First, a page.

Why the U.S. Food Aid System Needs Reform
AP Photo/Niranjan Shrestha
Why the U.S. Food Aid System Needs Reform
AP Photo/Niranjan Shrestha
X
Story Stream
recent articles

A little-noticed hearing before the Senate Foreign Relations Committee in mid-April had the potential to save millions of lives. The hearing concerned reforms to emergency food aid programs. Discussion focused on the proposed Food for Peace Reform Act of 2015. The act is identical to a 2014 bill that had garnered considerable Congressional support but ran into opposition by private shipping companies. This year's legislation is also bipartisan, with Senator Bob Corker (R-Tennessee), Senator Christopher Coons (D-Delaware), and Senator Jeanne Sheehan (D-New Hampshire) as cosponsors.
 
Importantly, the reforms included in the new bill would end the requirement that the United States be the source of almost all food aid, and that 50 percent of all food aid be carried on ships that sail under the U.S. flag. The bill would also terminate an inefficient and wasteful practice known as monetization that provides funds to NGOs for projects dedicated to increasing food security in very poor countries.
 
The United States will spend $1.36 billion on the Food for Peace program this year, and every year until 2018, under the terms of the 2014 Farm Bill. The program, first authorized in 1956, provides emergency food aid and funds projects to improve food security in very poor countries such as Mali and Bangladesh; war-ravaged countries such as Syria; and in countries such as Nepal that have suffered the deep, sudden impact of a major natural disaster.
 
The Food for Peace program takes up a tiny share of total federal government spending: less than 0.04 percent of the federal government's approximately $3.5 trillion annual budget. Nevertheless, in principle and in practice, every dollar allocated to emergency food aid should be used as effectively and efficiently as possible to ensure that the program helps as many people as possible. Currently, this is simply not the case.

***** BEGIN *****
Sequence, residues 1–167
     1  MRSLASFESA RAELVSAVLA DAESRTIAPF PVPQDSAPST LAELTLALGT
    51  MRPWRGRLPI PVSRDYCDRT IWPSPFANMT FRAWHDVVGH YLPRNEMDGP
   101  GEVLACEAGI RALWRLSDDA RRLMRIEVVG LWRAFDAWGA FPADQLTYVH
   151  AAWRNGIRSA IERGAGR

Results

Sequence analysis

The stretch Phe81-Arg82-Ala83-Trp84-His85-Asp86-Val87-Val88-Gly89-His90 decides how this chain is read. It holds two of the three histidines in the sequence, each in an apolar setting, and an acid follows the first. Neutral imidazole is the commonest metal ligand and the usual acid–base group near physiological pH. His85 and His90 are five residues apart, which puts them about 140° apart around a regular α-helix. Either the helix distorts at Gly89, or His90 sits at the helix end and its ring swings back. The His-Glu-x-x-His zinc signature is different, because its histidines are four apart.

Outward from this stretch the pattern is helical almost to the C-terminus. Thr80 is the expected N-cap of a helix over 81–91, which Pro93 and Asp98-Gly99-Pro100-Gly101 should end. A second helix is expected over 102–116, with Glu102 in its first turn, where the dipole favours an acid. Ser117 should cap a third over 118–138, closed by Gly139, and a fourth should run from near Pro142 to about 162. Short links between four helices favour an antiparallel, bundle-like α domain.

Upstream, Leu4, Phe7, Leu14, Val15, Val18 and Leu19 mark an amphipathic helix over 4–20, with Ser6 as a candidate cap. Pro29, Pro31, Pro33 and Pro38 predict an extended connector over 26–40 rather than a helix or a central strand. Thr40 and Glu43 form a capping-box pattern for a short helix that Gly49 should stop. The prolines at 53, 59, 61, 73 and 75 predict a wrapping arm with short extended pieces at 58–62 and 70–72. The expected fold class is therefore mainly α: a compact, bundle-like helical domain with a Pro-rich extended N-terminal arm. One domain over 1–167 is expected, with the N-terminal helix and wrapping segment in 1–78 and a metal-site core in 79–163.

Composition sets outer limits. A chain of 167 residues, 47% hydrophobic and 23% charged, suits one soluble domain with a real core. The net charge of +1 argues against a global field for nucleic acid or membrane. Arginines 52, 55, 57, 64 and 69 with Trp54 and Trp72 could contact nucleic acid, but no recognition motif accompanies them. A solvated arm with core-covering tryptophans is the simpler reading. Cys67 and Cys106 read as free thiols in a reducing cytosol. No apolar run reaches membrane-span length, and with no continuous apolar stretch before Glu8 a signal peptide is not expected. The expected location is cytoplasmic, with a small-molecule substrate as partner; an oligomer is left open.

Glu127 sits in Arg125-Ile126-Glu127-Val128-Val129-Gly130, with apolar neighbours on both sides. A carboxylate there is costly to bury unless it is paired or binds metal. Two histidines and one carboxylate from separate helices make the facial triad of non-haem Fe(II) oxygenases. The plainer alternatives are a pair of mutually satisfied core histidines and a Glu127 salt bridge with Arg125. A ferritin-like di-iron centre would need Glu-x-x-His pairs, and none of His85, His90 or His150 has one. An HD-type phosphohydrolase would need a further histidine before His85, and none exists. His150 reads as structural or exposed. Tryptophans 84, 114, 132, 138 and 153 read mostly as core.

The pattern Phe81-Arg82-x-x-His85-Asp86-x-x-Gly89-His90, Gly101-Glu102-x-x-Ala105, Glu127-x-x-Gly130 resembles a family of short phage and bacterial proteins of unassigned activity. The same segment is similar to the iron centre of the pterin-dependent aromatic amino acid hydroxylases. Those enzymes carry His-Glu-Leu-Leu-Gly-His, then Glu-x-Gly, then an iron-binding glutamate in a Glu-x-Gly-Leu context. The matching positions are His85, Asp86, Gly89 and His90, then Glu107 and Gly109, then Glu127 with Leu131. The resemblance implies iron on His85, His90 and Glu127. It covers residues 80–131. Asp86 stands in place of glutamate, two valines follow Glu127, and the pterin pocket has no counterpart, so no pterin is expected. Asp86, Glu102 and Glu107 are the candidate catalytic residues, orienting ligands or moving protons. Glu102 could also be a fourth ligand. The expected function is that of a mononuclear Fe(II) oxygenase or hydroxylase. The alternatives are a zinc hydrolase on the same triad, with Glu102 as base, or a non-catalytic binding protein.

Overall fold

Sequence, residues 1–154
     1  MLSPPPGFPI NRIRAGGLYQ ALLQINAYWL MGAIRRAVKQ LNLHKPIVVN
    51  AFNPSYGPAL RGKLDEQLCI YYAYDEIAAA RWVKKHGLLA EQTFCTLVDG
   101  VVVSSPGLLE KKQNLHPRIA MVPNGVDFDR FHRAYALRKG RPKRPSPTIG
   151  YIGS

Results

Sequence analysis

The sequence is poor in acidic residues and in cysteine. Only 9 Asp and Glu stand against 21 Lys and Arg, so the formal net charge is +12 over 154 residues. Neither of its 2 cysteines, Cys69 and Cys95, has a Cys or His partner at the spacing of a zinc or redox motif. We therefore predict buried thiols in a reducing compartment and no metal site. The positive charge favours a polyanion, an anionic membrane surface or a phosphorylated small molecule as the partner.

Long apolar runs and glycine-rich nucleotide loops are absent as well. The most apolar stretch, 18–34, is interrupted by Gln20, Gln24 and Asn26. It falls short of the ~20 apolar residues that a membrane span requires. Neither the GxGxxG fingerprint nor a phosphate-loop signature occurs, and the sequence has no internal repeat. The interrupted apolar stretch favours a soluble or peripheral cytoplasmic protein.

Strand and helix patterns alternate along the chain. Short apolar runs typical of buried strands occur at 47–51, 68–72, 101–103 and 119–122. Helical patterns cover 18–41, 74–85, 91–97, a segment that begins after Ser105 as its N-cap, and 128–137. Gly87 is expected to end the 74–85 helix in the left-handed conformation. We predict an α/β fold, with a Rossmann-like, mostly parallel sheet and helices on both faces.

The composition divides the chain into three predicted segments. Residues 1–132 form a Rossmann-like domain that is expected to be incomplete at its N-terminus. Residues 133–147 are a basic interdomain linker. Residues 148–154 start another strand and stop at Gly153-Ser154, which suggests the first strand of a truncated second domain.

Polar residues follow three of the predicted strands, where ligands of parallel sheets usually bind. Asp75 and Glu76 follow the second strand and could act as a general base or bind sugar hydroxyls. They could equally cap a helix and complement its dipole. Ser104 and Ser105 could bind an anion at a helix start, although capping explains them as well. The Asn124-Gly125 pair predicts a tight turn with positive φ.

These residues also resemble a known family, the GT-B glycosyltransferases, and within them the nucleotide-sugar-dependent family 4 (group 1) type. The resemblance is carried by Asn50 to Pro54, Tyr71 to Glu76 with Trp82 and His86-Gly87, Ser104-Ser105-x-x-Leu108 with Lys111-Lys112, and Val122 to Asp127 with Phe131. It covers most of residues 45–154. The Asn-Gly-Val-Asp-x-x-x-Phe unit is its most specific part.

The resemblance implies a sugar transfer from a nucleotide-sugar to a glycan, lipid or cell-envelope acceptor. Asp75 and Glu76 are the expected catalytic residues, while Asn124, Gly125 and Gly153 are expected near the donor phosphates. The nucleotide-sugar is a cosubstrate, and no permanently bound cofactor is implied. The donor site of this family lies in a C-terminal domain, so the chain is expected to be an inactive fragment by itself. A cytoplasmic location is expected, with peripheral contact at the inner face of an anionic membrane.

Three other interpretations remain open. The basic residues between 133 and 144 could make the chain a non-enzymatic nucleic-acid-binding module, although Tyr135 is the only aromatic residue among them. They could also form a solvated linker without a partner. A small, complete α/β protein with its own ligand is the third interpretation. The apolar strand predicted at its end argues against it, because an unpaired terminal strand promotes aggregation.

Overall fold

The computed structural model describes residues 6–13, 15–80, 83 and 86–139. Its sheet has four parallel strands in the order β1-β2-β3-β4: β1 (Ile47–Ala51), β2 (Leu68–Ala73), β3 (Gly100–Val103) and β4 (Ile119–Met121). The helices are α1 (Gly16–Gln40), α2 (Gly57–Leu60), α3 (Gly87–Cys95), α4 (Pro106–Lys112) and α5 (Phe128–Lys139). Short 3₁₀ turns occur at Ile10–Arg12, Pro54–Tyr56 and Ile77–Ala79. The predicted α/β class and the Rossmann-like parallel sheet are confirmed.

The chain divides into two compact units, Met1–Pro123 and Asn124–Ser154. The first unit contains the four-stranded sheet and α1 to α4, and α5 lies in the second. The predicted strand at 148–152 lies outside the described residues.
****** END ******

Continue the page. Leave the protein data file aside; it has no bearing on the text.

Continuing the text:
A Straightforward Case for Reform
 
Most estimates indicate that the reforms included in the proposed Food for Peace Reform Act would enable the current program, using the same amount of money, to provide emergency relief annually to at least 4 million more children and adults than it currently reaches - and perhaps as many as an additional 10 million to 12 million people in dire need of help. This would be accomplished through reforms that would allow the United States Agency for International Development (USAID) to use transportation, grain, and other food commodity markets much more efficiently.
 
Mandating that all food aid be produced in the United States, and further requiring that the aid be carried on American ships, increases the cost of sending 1 ton of food destined for emergency relief by about 65 percent. The difference amounts to more than $400 million a year - not a stellar illustration of how to use markets efficiently. One important provision of the Food for Peace Reform Act would be to permit USAID to purchase food from regional and local markets much closer to the location of the disaster and the people in need of help.
 
The savings in both purchasing and transportation costs would be substantial. Forcing almost all food aid to come from the United States increases the time it takes the aid to reach the disaster area by almost seven weeks, with very serious consequences for morbidity and long-term health, especially for children.
 
Monetization is the practice of shipping food aid purchased in the United States to a developing country, where it is sold commercially in local markets by a U.S. Non-Governmental Organization. The money obtained from those sales is then used to fund the NGO's food aid projects, in that country or in a nearby country. The typical NGO ends up with less than $70 for every $100 spent on buying the food in the United States, shipping it to the targeted country, and marketing it.
 
The process is extremely wasteful. Indeed, some NGOs, such as CARE and Bread for the World, have refused to use the program. These organizations maintain that in the face of so many needs, such waste is appallingly unethical. Fifteen percent of the current funding for Food for Peace programs (around $260 million) currently goes to monetization. Ending the monetization practice would save about $100 million a year - funds that could be used to provide substantially more resources for food security programs.